Grand Etang National Park and Forest Reserve is the oldest and largest protected area in Grenada. Its varied elevation and terrain maintain several different ecological subsystems, culminating in elfin woodlands high up on the slopes of the reserve’s central mountains.
The 3,088-acre (1,250-ha) Grand Etang Forest Reserve, established in 1906, is the oldest and largest protected area in Grenada. Its varied elevation and terrain maintain several different ecological subsystems, culminating in elfin woodlands high up on the slopes of the reserve’s central mountains.
The focal point of the forest reserve is the 36-acre (14.5-ha) Grand Etang Lake which fills the crater of one of the island’s extinct volcanoes, standing at an elevation of 1,740 ft (530 m). The rainforest around the lake holds a rich diversity of flora that includes towering mahogany and giant gommier trees as well as a multitude of ferns, tropical flowers, rare orchids and other indigenous plants.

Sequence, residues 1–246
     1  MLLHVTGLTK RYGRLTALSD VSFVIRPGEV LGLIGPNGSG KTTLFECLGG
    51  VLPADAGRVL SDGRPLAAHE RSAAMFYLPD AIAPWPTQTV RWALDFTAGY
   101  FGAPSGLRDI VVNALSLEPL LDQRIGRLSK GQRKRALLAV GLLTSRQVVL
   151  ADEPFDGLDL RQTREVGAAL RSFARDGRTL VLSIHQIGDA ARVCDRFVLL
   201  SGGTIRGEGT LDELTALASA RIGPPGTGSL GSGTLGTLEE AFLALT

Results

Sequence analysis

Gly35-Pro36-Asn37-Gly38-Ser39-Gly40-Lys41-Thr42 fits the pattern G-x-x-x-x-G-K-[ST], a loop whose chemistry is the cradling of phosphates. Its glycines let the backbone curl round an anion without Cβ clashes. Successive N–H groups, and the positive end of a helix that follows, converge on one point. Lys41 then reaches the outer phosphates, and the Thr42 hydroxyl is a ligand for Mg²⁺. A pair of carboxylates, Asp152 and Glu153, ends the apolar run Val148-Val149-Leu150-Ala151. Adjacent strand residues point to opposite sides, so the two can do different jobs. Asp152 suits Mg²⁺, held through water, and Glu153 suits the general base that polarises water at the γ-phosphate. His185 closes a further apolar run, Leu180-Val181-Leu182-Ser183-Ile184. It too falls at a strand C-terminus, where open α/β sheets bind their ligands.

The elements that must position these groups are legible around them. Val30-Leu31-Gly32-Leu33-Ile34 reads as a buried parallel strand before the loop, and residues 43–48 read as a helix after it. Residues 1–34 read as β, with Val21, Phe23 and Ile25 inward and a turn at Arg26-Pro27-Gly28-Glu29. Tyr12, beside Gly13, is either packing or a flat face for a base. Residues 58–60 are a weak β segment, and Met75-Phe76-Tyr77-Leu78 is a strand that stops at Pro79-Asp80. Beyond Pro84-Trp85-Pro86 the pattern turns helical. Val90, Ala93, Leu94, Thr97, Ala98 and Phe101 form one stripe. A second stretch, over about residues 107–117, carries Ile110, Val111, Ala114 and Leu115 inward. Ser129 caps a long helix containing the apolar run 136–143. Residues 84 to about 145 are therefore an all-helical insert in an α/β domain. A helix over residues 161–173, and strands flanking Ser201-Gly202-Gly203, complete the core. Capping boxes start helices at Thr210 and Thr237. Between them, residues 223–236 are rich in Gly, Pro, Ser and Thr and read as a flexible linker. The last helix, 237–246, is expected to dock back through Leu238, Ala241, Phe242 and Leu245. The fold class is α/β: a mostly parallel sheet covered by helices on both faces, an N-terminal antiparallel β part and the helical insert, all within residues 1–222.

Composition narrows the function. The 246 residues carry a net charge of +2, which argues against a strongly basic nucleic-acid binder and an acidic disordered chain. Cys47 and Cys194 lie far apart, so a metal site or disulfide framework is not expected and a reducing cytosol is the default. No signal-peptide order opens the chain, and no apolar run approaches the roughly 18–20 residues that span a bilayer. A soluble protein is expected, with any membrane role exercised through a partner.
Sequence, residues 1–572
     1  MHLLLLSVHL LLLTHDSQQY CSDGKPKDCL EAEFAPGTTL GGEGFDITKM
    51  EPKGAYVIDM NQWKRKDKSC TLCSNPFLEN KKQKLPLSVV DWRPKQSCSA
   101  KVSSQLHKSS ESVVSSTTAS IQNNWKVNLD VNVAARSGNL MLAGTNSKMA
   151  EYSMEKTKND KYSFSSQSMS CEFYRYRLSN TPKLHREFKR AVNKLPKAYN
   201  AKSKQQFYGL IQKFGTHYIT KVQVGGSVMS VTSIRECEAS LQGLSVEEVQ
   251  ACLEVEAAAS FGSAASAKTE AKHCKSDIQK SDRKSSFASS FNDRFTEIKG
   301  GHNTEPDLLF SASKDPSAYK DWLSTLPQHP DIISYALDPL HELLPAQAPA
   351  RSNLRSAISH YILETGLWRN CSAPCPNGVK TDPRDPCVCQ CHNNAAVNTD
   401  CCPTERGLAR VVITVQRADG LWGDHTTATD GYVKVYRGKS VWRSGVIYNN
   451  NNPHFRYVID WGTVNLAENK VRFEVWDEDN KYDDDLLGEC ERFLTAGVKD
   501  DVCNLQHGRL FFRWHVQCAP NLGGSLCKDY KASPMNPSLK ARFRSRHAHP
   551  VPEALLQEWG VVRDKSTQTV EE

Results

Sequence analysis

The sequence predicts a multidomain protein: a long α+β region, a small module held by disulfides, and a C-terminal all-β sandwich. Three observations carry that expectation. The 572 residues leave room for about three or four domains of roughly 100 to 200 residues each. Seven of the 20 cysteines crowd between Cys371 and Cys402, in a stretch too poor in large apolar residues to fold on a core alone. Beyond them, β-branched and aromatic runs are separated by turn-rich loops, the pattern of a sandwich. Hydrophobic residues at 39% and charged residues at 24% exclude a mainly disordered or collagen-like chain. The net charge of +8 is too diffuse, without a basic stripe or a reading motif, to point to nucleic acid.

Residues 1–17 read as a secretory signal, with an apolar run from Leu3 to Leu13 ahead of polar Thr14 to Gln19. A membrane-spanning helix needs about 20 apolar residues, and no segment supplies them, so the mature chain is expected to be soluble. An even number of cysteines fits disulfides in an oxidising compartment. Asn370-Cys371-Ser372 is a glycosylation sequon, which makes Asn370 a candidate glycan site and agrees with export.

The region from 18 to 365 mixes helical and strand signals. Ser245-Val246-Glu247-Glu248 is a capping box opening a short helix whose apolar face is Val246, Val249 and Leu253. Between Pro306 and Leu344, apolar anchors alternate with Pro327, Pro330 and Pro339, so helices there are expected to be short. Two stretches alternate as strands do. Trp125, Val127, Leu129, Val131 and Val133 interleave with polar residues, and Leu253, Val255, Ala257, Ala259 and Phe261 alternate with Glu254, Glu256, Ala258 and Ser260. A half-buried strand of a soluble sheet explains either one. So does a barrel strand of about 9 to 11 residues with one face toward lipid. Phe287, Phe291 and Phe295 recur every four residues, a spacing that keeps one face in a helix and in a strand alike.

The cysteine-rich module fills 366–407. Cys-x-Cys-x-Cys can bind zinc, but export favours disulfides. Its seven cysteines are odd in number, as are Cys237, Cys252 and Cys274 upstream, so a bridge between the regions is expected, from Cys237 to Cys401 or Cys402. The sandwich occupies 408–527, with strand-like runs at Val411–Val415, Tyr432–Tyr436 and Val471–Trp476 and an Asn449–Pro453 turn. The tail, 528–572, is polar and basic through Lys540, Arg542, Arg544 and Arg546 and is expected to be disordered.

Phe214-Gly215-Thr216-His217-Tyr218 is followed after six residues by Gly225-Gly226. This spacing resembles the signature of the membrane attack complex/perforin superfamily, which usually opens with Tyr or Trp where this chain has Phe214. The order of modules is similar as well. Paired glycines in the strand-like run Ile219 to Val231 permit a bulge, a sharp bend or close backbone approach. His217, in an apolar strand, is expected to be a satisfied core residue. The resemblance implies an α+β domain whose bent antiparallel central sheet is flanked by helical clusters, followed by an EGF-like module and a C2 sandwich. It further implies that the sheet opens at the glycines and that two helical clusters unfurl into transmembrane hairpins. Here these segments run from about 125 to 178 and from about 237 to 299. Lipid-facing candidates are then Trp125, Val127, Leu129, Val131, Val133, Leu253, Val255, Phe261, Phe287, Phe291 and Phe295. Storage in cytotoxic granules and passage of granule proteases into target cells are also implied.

Etang National Park and Forest Reserve teems with exotic wildlife including frogs, lizards, and iguana as well as mammals such as opossums, armadillos, mongoose and the Mona monkey. The broad winged hawk (known here as the gree-gree), Lesser Antillean swift, Antillean euphonia, purple throated carib, Antillean crested hummingbird (known as the Doctor Bird) and the Lesser Antillean tanager (known as the soursop) are all common sights.
Occupying a large portion of central Grenada Island, Grand Etang is the most popular inland attraction on the island, visited by tens of thousands of people annually. The reserve suffered great devastation from both Hurricanes Ivan and Emily, in 2004 and 2005 respectively.